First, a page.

What’s your approach to color, in terms of giving your rugs more of a design identity?
I use bold colors in my work to challenge modern environments today. I think there is a sense of homogeneity in contemporary interior design and I like my rugs to feel disruptive, and I hope to achieve that through bold impactful colours.
I imagine that disruptive sensibility extends to you breaking the rectangular rug rule too! Will there be more shape shifting in the future?
I will 100% be doing more shape shifting in the future! However, when making usually shaped pieces, it’s a lot harder for me to find the balance within the forms. I started breaking away from the rectangular rug rule by asking myself, “What makes a rug a rug?” We’re so used to seeing rugs in a traditional format and I want to push myself to challenge this as much as possible.
To me, your work evokes an emotional response. Is that important to you?
It’s important to me that my work be approachable. I want people to walk up and touch the rugs. Rugs encourage this because yarn is a soft and tactile material. When one sees the pieces, they evoke a familiarity that might be seen everyday in a house but presented in a different way. I want to evolve this in my work by playing with the depth of the rugs’ surface and challenging the way to present them.fa
Have you ever created any custom bespoke rugs, and have you considered possible collaborations in the future?
Typically I’ve avoided custom and bespoke pieces because I try to treat each work like a personal painting and frankly, I get worried that people are going to dull down my colors! I would definitely consider collaborations in the future. I think the process of collaborating is exciting. My dream would be to transform an entire space with my works that’s not a typical gallery or showroom.
Well that leads me nicely into my next question about presentation, as I’d love to know more about your debut exhibition in LA. What can we expect from that, and how does it differ from your past exhibitions in London?
The LA exhibition displays my work with furniture. It’s the first time my pieces have been presented in this context and it’s at BC, an interior design studio. I love the projects they produce, so it meant a lot for me to work with them.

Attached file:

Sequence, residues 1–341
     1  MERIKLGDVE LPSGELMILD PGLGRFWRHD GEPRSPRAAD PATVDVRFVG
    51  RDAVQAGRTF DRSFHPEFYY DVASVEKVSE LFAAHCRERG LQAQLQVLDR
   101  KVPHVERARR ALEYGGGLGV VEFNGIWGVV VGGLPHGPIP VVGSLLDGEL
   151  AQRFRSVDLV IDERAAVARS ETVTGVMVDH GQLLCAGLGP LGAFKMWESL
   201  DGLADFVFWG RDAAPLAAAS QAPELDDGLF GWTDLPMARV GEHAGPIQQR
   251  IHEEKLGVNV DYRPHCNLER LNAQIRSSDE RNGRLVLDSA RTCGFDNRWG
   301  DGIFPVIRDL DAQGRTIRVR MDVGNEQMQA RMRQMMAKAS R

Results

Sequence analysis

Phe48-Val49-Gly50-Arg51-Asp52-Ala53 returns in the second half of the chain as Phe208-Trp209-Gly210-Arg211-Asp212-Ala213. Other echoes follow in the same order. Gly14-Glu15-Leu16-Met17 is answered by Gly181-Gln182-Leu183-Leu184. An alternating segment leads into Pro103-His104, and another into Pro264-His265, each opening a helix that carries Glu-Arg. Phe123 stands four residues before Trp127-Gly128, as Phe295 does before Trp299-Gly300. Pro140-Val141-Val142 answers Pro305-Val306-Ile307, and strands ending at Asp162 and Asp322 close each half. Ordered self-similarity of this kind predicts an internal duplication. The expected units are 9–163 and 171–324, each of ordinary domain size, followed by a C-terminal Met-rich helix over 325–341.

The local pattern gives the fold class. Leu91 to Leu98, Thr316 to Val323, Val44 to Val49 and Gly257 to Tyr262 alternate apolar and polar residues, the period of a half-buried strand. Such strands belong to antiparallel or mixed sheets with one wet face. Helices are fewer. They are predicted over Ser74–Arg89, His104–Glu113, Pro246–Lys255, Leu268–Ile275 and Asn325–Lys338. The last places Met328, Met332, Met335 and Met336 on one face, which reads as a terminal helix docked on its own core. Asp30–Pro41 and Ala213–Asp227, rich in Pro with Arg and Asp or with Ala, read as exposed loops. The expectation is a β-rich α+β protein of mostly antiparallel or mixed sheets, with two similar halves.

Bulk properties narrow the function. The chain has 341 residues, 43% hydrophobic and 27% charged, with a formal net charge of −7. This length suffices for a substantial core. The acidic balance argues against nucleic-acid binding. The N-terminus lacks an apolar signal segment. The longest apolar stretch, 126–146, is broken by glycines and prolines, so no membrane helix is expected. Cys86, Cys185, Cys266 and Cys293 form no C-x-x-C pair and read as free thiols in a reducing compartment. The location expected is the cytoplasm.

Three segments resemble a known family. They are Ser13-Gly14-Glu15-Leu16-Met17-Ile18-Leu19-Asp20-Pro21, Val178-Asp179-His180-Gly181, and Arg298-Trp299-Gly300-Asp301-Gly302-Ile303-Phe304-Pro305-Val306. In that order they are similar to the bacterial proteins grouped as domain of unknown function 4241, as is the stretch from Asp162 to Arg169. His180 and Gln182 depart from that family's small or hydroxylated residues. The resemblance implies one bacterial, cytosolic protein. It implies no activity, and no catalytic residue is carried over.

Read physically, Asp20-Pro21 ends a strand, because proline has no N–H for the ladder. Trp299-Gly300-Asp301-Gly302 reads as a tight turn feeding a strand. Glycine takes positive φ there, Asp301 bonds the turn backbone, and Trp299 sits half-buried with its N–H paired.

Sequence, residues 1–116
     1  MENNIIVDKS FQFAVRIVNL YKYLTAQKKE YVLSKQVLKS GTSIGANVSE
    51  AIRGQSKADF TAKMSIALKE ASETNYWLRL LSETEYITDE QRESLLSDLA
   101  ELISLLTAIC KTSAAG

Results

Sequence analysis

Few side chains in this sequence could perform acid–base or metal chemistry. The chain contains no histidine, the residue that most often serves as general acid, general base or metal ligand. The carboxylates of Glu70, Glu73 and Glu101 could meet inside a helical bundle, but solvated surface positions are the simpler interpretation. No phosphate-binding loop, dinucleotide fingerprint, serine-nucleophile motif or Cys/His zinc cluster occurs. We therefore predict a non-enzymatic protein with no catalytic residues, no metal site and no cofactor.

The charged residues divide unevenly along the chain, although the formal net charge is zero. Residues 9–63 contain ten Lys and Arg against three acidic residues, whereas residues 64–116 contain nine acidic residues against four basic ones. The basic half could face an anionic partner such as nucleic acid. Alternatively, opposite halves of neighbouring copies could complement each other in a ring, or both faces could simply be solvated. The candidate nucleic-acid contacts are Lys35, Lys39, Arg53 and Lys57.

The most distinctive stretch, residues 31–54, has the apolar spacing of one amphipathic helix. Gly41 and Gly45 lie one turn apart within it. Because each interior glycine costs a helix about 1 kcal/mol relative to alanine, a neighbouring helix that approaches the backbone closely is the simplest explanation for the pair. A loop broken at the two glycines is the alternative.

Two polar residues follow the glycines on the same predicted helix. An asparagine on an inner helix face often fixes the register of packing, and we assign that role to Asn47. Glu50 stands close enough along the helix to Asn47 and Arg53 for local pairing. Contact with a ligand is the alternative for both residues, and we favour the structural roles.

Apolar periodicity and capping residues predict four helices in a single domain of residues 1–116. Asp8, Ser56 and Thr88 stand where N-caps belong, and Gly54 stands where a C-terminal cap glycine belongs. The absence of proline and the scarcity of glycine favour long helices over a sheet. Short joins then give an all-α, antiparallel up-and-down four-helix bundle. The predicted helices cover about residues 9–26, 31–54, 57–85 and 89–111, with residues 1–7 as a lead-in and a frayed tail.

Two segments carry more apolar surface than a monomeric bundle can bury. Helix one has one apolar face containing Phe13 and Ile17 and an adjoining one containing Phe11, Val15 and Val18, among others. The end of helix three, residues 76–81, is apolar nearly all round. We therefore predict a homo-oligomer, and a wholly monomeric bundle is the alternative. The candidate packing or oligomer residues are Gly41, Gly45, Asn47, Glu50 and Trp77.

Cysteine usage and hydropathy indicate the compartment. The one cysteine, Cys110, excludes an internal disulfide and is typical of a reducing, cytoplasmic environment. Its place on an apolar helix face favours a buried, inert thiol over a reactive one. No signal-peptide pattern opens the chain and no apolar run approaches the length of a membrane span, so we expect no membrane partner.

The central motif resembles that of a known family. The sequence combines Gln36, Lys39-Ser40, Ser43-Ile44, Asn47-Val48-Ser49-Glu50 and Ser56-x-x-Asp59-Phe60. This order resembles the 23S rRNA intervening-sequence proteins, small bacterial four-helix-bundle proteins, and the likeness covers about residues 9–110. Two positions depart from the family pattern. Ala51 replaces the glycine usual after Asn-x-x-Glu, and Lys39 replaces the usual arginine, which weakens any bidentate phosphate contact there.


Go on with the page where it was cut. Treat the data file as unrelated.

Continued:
Each show is always displayed in a way that best fits the space, and considering the existing environment is extremely important for me, because it shows the versatility of my work and how a rug can be presented. “Dear Magnolia” was done using wooden structures and clips to hold the rugs up. “It’s Good to be Home” showed a rug on the floor. This time, ‘”Eden” will combine both of these methods of presentation by having rugs hung vertically from the ceiling and spread out horizontally on a platform.
What’s the story behind the Eden collection and your use of vintage dead-stock yarn?
The pieces in Eden are inspired by my time in the countryside during lockdown. The world was still, but there was life happening in my back garden. I specifically observed my tiny pond and found design inspiration in the patterns left on the surface of the water. The subtle movement within the pond created amazing designs which I documented on my phone over time. These ultimately became the forms scaled onto my rugs. When sourcing yarn there’s very few traders in it. Most places will directly dye their yarn to ones specific needs whereas the place I locally source from are leftover stock from larger projects.
Did you see a rise in interest in your rugs, both mid-and-post-pandemic, since the focus on updating our interiors became more prevalent?
Definitely, although people seem to want them for the floor and then they end up on the wall!
So what’s the best feedback you’ve received so far about your rugs?
I had a show at Maximillian William in London, and this lovely lady approached me at the opening. She grew up in a textile workers family and was so thrilled to see such a similar practice to her own. What excited her even more was that these pieces had the ability to be put in a gallery context. She never thought they couldn’t be presented in a space with fine art.